The FFT in the 21st Century: Eigenspace Processing / Edition 1by James Beard
Pub. Date: 10/31/2003
Publisher: Springer US
This short reference provides four in-depth reference tutorials on the FFT: Fourier transforms, including Fourier series and discrete Fourier transforms, the Cooley-Tukey algorithm, the bit-reverse index reordering problem and two of its solutions, and spectral windows. Each area has problems of various scopes and difficulties designed to provoke thought and
This short reference provides four in-depth reference tutorials on the FFT: Fourier transforms, including Fourier series and discrete Fourier transforms, the Cooley-Tukey algorithm, the bit-reverse index reordering problem and two of its solutions, and spectral windows. Each area has problems of various scopes and difficulties designed to provoke thought and curiosity, and to illuminate the topic in ways not always presented in the text. The scope of the material is specifically intended to apply to applications for the foreseeable future as well as provide a reference for applications that have not yet emerged, such as 3-D processing of multiple parallel data streams for true time-delay broadband beamforming and ambiguity resolution using sparse arrays. This scope is supported through a unified treatment of one, two, and three-dimensional FFTs with seamless extension to higher dimensionality. The section on spectral window weighting is alone worth the book, as it provides a unified in-depth tutorial, including many plots, of all commonly used one-dimensional and two-dimensional spectral weightings, with extensions to higher dimensionality. Several new high-performance spectral weights are introduced, including a monopulse weighting for planar arrays with good antenna efficiency and excellent sidelobe control that is based on Chebychev polynomials of the second kind, and a five-cosine extension to the Blackman-Harris window with 118 dB performance. This unified treatment will leave you in complete command of the theory, algorithm, and signal processing trade space in areas where the FFT is used for the present and for many years into the future.
- Springer US
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- 6.10(w) x 9.25(h) x 0.02(d)
Table of Contents
Dedication. Author. Preface. Foreword.
The Fourier Transform. 1: Overview. 2: Conventions and Notations. 2.1. Complex Variables and the Complex Conjugate. 2.2. Vectors and Matrices. 2.3. Matrix Transpose and Hermitian. 2.4. Common Functions. 3: The Fourier Transform. 3.1. The Classical Fourier Transform. 3.2. Our First Encounter with the Dirac Delta Function. 3.3. Meaning, Usefulness, and Limitations of Formal Identities. 3.4. The Inverse Fourier Transform. 3.5. Parseval's Theorem. 3.6. Multivariate Fourier Transforms. 3.7. Fourier Transform Pairs. 3.8. The Hilbert Transform. 4: The Classical Fourier Series. 4.1. The Fourier Series. 4.2. Parseval's Theorem. 5: The Discrete Fourier Transform. 5.1. The Transform - A Trigonometric Identity. 5.2. Parseval's Theorem. 5.3. The Dirichlet Kernel. 5.4. DFT Pairs. 6: Gibb's Phenomenon. 7: Spatial and Matrix Representations and Interpretations. 7.1. The Continuous Fourier Transform. 7.2. The Classical Fourier Series. 7.3. The Discrete Fourier Transform. 8: Problems. 8.1. General. 8.2. Classical Fourier Transform. 8.3. Classical Fourier Series. 8.4. Discrete Fourier Transform. 8.5. Greater Time and Difficulty. 8.6. Project.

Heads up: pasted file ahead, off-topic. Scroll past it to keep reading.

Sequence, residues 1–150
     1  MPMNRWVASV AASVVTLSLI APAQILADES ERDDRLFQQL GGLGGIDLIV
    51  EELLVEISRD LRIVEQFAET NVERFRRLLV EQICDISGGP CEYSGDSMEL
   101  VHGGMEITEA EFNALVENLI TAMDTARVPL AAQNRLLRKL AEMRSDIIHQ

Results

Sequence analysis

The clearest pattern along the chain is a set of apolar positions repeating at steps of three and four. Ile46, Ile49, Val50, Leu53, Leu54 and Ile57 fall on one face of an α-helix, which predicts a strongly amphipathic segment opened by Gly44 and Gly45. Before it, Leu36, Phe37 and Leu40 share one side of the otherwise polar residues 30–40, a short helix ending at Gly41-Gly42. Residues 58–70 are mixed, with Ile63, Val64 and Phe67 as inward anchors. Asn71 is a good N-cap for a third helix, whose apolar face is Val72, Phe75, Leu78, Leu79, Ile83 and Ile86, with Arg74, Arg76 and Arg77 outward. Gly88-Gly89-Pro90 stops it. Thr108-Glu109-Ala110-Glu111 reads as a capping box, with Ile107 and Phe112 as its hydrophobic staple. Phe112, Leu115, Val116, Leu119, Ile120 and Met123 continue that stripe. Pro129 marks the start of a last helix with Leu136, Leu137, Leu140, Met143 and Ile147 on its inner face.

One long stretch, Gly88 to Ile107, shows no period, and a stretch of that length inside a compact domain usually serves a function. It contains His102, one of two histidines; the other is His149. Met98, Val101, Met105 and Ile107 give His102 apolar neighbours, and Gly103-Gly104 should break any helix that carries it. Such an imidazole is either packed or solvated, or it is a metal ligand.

Introduction to the Radix 2 FFT. 1: Historical Note. 2: Notations and Conventions. 3: Ordering the Bits in the Addresses. 4: Examples. 4.1. Simple DIF and DIT. 4.2. Multivariate FFT. 5: Problems. 5.1. General. 5.2. Greater Difficulty. 5.3. Project.
The Reordering Problem and its Solutions. 1: Introduction. 2: Different types of Cooley-Tukey FFTs. 3: In-place, self reordering FFTs. 4: Conclusions. 4.1. Summary. 4.2. Execution Speeds. 4.3. Variable Radix Algorithms. 4.4. Multivariate FFTs. 5: Examples. 6: Problems. 6.1. General. 6.2. Greater Difficulty. 6.3. Project.
Spectral Window Weightings. 1: Overview. 1.1. Base Concepts - The DFT Trade Space. 1.2. Continuous and Discrete Spectral Windows. 1.3. Sampled Continuous Spectral Windows. 1.4. Noise Bandwidth. 1.5. Array Efficiency. 1.6. Spectral Window Frequency Response. 2: Discrete Spectral Windows. 2.1. The Dolph-Chebychev Window. 2.2. Chebychev 2 Window. 2.3. Split Chebychev 2 Window for Monopulse. 2.4. Finite Impulse Response Filters. 3: Continuous Spectral Windows and Sampled Continuous Windows. 3.1. Sampled Continuous Window Functions as Discrete Windows. 3.2. Cosine Windows. 3.3. Continuous Extensions of the Dolph-Chebychev Window. 4: Two-Dimensional Window Weightings. 4.1. Planar Radar Antennas and Two-Dimensional DFTs. 4.2. The Two-Dimensional Dolph-Chebychev Weighting. 4.3. Two-Dimensional Chebychev 2 Window. 4.4. Monopulse with Split Two-Dimensional Chebychev Window. 4.5. Limiting Form of the Two-Dimensional Chebychev Windows for Large N. 4.6. Two-Dimensional Taylor Weighting. 4.7. Lambda Functions and a Unified Theory. 4.8. Monopulse with the Bayliss Window Weights. 5: Three and More Dimensions. 5.1. Chebychev. 6: Linear Programming Window Function Design. 7: Conclusions. 7.1. One-Dimensional Weightings. 7.2. Two-Dimensional Weightings. 7.3. Three and Higher Dimensions. 8: Problems. 8.1. General. 8.2. Greater Difficulty. 8.3. Chebychev Windows. 8.4. Cosine Windows. 8.5. Bessel Windows. 8.6. Two-Dimensional Windows. 8.7. Greater Time and Difficulty. 8.8. Project.
Acknowledgments. References. Index.
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